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The Artifice of Artificial Intelligence

Posted on 19 Jun | 0 comments
Illustration by Alejandro Zorrilal Cruz.
Illustration by Alejandro Zorrilal Cruz.

June has been the cruelest month for Artificial Intelligence. This month, a computer program beat the Turning Test—and thereby invalidated the Turing Test.

The Turing Test, for those who don’t know, is a test based on a premise by Alan Turing, the computational godfather. The idea: if a computer can be mistaken for a human being, by other human beings, in conversation, then it is functionally “intelligent”—the only way we have to measure intelligence.

For decades, there have been contests in which judges try to determine whether the person on “the other side” of a computer they’re talking to is in fact a human being or a computer program. The computers have never been very convincing: to “win” the Turing Test, they’ve needed to fool just 30 percent of the human judges—and never did it until now.

Meanwhile, the conditions of the Turing Test have become the conditions we live with every day: talking to machines and invisible interlocutors across a social media landscape often dominated by chatbots, algorithms, and PR teams posing as celebrities. What were supposed to be highly artificial constraints have become nature and nurture to the entire first world.

Now a chatbot has finally passed the Turning Test by pretending to be a 13-year-old Ukrainian boy—a non-English speaker who could be (and was) excused for making non-sequiturs and not understanding basic questions.

It managed to fool 33 percent of the judges: a technical win that has impressed nobody.

But leave the question of whether a faux-Ukrainian teenager was ever the interlocutor Alan Turing had it mind (it wasn’t). The more important point is this: the machine that first “passed” the test wasn’t a cutting edge neural network carefully modeled off the human brain—it was a chatbot. A cheap version of the software low-end companies use to manage their Twitter accounts.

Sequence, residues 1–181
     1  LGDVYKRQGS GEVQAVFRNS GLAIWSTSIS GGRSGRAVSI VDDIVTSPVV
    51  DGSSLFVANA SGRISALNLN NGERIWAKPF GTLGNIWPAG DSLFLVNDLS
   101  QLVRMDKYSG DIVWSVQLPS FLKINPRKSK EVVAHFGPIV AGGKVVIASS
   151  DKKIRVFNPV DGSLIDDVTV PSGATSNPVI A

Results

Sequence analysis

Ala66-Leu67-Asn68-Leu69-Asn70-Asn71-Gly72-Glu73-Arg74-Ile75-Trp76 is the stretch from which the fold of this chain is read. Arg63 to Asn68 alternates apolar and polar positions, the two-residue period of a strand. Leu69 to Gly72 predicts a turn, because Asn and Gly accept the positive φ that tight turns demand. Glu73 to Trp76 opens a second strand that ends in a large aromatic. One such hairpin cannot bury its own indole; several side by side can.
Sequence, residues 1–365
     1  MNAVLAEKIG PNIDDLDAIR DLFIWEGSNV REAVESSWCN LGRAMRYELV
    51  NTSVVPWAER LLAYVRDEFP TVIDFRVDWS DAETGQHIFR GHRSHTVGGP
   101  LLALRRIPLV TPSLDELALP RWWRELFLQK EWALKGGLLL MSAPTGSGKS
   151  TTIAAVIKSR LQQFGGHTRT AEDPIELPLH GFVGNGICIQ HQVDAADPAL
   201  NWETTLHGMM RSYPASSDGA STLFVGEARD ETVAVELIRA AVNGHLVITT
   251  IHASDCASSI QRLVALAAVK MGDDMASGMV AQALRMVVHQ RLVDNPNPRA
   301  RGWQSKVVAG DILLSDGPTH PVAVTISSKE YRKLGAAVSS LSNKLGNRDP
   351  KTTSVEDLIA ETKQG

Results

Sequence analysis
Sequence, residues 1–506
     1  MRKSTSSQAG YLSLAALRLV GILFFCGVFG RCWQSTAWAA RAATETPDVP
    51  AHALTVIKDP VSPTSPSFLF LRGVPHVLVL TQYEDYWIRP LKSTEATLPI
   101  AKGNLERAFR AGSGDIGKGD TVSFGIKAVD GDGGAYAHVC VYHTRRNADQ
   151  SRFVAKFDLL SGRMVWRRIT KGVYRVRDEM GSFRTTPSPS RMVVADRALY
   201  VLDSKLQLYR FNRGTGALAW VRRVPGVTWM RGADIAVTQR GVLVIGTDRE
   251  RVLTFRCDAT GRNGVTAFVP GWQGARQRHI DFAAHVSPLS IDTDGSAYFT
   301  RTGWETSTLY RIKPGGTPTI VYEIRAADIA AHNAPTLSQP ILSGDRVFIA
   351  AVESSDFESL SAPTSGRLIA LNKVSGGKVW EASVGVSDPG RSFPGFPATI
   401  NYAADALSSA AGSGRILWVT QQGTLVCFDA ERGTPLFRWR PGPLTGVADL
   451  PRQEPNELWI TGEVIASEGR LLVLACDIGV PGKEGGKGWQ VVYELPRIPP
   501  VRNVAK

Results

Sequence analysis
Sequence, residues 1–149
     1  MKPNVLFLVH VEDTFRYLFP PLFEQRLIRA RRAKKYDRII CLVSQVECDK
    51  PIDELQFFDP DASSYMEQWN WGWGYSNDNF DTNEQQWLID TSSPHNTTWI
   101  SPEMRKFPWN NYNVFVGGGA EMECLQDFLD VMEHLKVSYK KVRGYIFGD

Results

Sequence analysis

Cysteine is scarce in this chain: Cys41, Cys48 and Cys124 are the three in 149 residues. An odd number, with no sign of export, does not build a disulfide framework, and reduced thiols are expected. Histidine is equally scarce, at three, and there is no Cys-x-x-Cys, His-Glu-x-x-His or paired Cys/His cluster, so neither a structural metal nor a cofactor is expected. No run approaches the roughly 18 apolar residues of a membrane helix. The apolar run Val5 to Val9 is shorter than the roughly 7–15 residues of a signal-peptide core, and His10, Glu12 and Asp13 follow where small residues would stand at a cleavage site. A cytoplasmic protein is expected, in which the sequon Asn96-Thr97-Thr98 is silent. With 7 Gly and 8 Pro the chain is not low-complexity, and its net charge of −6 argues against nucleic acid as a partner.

It may have passed the Turing Test, but nobody actually believes it’s “thinking” in any sense of the term.

So while the Turing Test may have had a useful place in AI history, and be good at getting headlines, we’ve definitively determined that a machine that absolutely does not think can achieve a false positive.

The test is no good—and perhaps the advocates of hard AI should rethink the notion that being able to function among beings who think is the same as thinking. The Turing Test only ignores interiority: its disciples claim no such thing exists. This is the most willful kind of ignorance. Interiority is what we mean by thinking: the fundamental ground on which all else depends.

As for why a bot like this one could fool a third of the people some of the time, essayists from Andrew Leonard to Brian Christian  have hit the bot on the head: it’s not that computers are getting smarter, it’s that we’re getting dumber.

This is a theme expanded upon before in The New Existentialists: our lives are now lived on technology’s time table, technology’s speed, and we focus our economic forces on what technology is good at. We are being trained to think more and more like machines—and a sadly inevitable result is that our expectation of humanity get lower and lower.

The purpose of so much of our society ought to be to bring out the best in our humanity—nevermind what the machines can do. Are we sure that a third of the people can connect with a complete stranger some of the time?

-- Benjamin Wachs

Read more stories by Benjamin Wachs

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